The web is an incredible platform. Its mix of ubiquity across devices and operating systems, its user-centered security model, and the fact that neither its specification nor its implementation is controlled by a single company makes the web a unique platform to develop software on. Combined with its inherent linkability, it's possible to search it and share what you've found with anyone, anywhere. Whenever you go to a website, it's up-to-date, and your experience with that site can be as ephemeral or as permanent as you'd like. Web applications can reach anyone, anywhere, on any device with a single codebase.
Native applications, are known for being incredibly rich and reliable. They're ever-present, on home screens, docks, and taskbars. They work regardless of network connection. They launch in their own standalone experience. They can read and write files from the local file system, access hardware connected via USB, serial or bluetooth, and even interact with data stored on your device, like contacts and calendar events. In native applications, you can do things like take pictures, see playing songs listed on the home screen, or control song playback while in another app. Native applications feel like part of the device they run on.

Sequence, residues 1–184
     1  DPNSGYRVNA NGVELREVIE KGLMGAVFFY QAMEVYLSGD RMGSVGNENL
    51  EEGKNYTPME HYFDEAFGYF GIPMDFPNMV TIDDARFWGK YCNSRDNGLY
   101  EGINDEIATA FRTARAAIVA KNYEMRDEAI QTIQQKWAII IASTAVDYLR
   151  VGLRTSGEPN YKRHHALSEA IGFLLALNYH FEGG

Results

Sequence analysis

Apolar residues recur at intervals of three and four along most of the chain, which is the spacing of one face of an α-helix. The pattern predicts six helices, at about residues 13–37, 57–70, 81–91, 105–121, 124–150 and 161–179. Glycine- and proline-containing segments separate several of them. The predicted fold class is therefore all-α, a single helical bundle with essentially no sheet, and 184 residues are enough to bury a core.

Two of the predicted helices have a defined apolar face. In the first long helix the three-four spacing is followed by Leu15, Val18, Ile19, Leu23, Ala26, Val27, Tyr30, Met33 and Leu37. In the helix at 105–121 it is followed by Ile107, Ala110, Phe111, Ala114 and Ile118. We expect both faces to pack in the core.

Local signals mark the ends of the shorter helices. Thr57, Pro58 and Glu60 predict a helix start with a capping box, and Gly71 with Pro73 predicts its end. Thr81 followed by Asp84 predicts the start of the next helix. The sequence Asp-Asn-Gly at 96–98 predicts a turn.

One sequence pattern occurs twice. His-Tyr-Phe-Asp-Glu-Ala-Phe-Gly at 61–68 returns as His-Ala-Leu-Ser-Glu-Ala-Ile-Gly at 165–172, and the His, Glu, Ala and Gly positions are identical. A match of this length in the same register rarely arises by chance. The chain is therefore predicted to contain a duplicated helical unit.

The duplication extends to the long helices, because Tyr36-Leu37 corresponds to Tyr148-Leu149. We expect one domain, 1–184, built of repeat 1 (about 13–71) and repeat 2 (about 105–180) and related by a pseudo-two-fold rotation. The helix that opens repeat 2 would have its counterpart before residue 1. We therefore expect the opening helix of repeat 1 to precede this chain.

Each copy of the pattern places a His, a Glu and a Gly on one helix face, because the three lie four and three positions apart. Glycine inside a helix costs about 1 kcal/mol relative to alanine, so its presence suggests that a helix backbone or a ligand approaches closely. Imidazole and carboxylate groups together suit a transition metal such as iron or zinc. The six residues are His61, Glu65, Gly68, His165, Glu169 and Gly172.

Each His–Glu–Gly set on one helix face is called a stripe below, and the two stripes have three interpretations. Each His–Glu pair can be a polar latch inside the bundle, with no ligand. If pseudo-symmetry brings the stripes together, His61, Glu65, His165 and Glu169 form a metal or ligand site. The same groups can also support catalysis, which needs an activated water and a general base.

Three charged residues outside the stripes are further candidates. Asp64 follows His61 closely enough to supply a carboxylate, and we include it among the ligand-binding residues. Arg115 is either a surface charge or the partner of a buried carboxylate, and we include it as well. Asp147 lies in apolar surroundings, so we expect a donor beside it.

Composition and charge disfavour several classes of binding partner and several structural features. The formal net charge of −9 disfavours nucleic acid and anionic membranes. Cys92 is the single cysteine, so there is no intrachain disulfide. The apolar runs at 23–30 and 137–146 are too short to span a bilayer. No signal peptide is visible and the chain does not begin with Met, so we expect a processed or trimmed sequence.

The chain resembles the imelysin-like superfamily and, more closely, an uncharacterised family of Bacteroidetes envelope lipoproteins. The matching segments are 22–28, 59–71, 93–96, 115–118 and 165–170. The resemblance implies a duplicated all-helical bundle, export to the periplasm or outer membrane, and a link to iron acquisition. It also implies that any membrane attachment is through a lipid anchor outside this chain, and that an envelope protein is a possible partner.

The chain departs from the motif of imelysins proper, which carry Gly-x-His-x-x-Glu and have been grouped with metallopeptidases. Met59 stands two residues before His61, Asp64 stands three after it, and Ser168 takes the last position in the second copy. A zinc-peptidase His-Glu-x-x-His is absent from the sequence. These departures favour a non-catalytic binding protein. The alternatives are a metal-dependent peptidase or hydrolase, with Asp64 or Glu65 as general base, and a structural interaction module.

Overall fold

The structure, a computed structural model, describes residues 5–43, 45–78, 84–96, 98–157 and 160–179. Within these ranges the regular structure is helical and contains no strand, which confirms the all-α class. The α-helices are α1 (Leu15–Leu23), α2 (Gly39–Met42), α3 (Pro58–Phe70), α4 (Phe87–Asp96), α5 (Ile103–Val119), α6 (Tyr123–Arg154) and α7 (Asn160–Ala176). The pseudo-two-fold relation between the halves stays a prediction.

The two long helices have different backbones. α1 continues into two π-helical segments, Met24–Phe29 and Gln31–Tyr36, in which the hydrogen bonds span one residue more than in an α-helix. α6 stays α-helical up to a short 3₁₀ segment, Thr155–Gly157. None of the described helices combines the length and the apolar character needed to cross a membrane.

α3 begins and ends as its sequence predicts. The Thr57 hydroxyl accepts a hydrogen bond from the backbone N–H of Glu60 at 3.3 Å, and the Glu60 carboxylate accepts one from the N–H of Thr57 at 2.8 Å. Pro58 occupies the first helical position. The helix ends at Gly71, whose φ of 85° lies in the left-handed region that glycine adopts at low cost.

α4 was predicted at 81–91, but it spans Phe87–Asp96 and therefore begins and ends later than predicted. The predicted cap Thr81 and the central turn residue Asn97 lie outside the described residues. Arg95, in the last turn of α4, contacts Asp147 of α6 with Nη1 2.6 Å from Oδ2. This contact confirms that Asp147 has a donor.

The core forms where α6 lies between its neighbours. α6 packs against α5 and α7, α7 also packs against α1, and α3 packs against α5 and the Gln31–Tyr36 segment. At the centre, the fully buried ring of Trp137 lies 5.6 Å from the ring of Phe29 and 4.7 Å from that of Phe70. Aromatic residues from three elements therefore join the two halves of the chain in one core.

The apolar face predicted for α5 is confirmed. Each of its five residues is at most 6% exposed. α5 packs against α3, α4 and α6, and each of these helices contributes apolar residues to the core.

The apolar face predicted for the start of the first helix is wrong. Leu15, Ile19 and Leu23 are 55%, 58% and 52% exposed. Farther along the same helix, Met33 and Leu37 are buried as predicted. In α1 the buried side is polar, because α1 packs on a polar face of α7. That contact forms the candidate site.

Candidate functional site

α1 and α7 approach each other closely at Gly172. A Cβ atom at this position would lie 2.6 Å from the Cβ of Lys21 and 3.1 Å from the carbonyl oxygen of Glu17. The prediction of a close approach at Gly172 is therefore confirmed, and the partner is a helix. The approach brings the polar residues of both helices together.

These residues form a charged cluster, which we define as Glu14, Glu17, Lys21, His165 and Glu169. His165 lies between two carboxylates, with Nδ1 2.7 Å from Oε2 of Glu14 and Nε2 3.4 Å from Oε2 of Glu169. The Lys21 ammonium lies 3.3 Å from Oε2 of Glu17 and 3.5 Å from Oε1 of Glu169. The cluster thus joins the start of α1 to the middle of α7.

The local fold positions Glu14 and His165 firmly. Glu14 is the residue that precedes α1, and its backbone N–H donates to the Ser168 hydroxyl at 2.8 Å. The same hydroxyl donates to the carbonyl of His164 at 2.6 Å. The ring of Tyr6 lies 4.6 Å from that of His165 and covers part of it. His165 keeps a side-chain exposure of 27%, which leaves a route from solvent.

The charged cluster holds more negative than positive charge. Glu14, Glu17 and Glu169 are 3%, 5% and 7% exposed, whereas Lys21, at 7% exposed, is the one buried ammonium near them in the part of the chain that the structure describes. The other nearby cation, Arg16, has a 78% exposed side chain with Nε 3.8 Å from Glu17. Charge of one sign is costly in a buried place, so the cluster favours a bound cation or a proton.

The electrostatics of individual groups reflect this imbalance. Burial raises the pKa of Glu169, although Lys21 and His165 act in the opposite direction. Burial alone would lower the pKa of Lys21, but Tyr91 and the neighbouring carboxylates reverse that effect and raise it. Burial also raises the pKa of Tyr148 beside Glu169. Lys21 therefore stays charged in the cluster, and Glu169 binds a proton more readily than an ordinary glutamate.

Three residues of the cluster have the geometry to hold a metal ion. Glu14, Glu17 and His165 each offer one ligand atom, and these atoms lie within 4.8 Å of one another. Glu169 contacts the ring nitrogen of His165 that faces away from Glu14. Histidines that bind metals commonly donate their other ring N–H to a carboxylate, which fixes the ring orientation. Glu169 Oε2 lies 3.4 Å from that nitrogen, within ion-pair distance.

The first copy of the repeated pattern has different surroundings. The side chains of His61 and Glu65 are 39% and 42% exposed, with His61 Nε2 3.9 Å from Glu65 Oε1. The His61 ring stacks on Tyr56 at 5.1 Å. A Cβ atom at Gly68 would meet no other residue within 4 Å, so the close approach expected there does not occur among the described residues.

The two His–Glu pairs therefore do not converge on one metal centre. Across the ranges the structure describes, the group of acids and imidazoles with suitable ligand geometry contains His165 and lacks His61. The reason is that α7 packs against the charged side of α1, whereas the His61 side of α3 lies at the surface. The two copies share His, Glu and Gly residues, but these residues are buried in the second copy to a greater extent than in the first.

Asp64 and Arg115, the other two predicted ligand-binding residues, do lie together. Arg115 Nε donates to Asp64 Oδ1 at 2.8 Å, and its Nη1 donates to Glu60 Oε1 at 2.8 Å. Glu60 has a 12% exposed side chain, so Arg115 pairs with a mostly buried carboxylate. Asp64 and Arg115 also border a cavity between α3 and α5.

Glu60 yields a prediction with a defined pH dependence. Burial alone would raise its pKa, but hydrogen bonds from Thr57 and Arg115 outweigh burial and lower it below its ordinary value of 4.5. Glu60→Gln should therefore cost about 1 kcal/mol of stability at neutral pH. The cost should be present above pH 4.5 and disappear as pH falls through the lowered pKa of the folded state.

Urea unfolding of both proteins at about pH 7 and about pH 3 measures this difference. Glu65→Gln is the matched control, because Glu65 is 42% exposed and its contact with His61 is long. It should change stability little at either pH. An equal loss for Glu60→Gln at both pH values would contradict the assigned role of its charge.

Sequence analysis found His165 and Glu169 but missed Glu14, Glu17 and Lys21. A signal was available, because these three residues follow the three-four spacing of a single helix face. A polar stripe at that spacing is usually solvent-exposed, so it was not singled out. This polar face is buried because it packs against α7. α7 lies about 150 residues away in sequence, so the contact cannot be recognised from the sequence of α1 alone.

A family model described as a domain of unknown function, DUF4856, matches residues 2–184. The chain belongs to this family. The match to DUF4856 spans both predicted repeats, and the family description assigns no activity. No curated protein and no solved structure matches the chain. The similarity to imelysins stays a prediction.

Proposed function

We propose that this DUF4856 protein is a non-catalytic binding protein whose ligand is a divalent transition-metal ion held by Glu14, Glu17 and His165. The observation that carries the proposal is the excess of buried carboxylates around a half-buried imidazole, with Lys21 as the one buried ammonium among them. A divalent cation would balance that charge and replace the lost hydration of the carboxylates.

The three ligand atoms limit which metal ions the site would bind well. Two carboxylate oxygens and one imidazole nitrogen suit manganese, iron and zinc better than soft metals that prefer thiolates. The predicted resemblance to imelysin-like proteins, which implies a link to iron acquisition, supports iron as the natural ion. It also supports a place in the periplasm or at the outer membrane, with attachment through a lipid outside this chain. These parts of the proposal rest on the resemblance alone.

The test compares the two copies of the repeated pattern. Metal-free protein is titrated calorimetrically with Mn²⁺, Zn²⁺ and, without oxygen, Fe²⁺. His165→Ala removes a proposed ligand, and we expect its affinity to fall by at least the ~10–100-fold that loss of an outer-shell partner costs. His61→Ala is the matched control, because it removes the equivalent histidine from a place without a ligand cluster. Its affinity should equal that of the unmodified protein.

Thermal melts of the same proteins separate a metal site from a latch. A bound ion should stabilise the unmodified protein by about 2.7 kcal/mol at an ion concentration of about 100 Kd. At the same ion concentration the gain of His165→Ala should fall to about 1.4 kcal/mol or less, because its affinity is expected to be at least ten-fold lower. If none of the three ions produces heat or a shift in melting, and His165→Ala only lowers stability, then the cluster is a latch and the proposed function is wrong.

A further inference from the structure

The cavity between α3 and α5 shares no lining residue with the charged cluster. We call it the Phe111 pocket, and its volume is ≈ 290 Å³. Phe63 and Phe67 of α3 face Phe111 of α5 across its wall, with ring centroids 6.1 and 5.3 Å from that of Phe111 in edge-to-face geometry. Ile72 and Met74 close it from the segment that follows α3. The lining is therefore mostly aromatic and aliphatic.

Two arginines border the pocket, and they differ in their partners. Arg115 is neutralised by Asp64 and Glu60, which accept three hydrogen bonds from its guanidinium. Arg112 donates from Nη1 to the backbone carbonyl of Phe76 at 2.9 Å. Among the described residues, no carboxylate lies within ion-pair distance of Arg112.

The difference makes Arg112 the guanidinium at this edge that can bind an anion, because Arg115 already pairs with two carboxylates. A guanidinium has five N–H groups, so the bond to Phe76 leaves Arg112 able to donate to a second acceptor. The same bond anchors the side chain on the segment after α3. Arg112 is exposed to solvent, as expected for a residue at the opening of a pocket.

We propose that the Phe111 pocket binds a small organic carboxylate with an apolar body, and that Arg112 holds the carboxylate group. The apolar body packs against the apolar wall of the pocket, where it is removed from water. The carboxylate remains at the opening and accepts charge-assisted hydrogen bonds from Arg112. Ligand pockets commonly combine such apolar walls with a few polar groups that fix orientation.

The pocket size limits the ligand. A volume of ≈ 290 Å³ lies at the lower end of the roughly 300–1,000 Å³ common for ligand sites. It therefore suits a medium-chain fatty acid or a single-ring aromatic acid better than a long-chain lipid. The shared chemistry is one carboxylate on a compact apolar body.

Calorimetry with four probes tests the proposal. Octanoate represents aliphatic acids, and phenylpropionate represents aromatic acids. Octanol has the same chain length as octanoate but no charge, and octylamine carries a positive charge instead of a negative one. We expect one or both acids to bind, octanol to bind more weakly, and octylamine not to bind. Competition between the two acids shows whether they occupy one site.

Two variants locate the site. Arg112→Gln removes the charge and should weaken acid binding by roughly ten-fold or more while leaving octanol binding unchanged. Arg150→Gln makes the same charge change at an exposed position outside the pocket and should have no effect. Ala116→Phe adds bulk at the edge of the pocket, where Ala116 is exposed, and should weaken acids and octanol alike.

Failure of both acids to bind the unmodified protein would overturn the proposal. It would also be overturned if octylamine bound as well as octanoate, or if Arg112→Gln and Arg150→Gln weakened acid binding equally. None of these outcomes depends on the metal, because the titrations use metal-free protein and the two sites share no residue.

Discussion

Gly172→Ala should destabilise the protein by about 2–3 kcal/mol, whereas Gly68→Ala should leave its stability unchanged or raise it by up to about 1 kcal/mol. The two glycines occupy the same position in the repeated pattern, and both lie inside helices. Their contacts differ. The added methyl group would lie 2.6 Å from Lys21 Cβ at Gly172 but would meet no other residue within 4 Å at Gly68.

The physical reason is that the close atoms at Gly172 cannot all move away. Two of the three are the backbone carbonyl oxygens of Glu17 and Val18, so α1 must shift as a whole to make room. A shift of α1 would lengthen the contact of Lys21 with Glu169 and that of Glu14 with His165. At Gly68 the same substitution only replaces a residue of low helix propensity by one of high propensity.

If you think about native apps and web apps in terms of capabilities and reach, native apps represent the best of capabilities whereas web apps represent the best of reach. So where do Progressive Web Apps fit in?
Progressive Web Apps (PWA) are built and enhanced with modern APIs to deliver native-like capabilities, reliability, and installability while reaching anyone, anywhere, on any device with a single codebase.
The three app pillars
Progressive Web Apps are web applications that have been designed so they are capable, reliable, and installable. These three pillars transform them into an experience that feels like a native application.
The web is quite capable in its own right today. For example, you can build a hyper-local video chat app using WebRTC, geolocation, and push notifications. You can make that app installable and take those conversations virtual with WebGL and WebVR. With the introduction of Web Assembly, developers can tap into other ecosystems, like C, C++, and Rust, and bring decades of work and capabilities to the web too. Squoosh.app, for instance, leverages this for its advanced image compression.
Until recently, only native apps could really lay claim to these capabilities. While some capabilities are still out of the web's reach, new and upcoming APIs are looking to change that, expanding what the web can do with features like file system access, media controls, app badging, and full clipboard support. All of these capabilities are built with the web's secure, user-centric permission model, ensuring that going to a website is never a scary proposition for users.
Between modern APIs, Web Assembly, and new and upcoming APIs, web applications are more capable than ever, and those capabilities are only growing.